Visceral organ resection during femoral hernia surgery is a predictor of morbidity.

Int Surg 2015 Mar;100(3):455-60

1 Izmir Tepecik Education and Research Hospital, Department of General Surgery, Izmir, Turkey.

Reports on the outcomes of emergency and elective femoral hernia surgery are scarce. Most studies do not distinguish femoral hernia from other types of groin hernia; studies of femoral hernia alone are few in number. The main objective of the present study was to identify factors affecting morbidity of femoral hernia patients. We retrospectively analyzed data on 80 patients who underwent femoral hernia surgery between June 2009 and June 2013. Patients who did and did not experience morbidity were compared in terms of age, sex, hernia location, the presence of any comorbid disease, the type of anesthesia employed, the operative technique used, the type of surgical intervention, and performance of small bowel resection. Forty-three patients (53.8%) underwent emergency surgery because of incarceration. Of these, 18 (41.9%) experienced strangulation and underwent resection. Postoperative complications developed in 11 patients (13.8%). Upon multiple logistic regression analysis, visceral organ resection (of the small bowel and/or omentum) was the only independent predictor of significant morbidity (P < 0.05; odds ratio [OR]: 14.010, 95% confidence interval [CI]: 1.001-196.143). When diagnosed, femoral hernias should be electively repaired as soon as possible. The cumulative probability of strangulation rises over time. A requirement for bowel resection seems to significantly increase morbidity.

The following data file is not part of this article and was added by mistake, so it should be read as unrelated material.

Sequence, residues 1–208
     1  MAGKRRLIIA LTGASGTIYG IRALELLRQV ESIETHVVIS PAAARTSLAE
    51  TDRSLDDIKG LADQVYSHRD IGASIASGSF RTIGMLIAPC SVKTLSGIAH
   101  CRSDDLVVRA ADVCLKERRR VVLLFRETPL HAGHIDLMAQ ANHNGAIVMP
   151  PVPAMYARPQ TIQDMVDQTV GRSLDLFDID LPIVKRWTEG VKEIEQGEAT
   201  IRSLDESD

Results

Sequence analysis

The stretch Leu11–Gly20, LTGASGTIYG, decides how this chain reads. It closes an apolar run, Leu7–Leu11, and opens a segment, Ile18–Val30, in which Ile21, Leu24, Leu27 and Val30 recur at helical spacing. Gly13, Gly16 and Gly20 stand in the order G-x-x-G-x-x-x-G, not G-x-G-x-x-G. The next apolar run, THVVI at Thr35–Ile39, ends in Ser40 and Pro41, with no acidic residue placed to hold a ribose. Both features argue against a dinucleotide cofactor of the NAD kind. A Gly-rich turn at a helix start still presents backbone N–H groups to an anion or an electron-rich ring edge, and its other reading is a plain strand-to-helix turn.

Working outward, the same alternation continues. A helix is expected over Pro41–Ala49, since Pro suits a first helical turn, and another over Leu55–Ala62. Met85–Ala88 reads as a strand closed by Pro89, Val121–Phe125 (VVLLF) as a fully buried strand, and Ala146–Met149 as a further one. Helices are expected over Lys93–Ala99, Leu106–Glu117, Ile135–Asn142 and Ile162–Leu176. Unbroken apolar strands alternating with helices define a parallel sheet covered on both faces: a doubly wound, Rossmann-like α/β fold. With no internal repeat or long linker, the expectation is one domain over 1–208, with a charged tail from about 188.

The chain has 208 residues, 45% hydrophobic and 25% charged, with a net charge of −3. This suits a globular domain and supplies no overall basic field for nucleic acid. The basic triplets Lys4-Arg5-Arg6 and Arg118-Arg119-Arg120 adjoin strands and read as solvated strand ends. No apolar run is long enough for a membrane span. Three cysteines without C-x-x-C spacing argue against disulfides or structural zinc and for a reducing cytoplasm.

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http://dx.doi.org/10.9738/INTSURG-D-14-00036.1DOI Listing
http://www.ncbi.nlm.nih.gov/pmc/articles/PMC4370535PMC
March 2015
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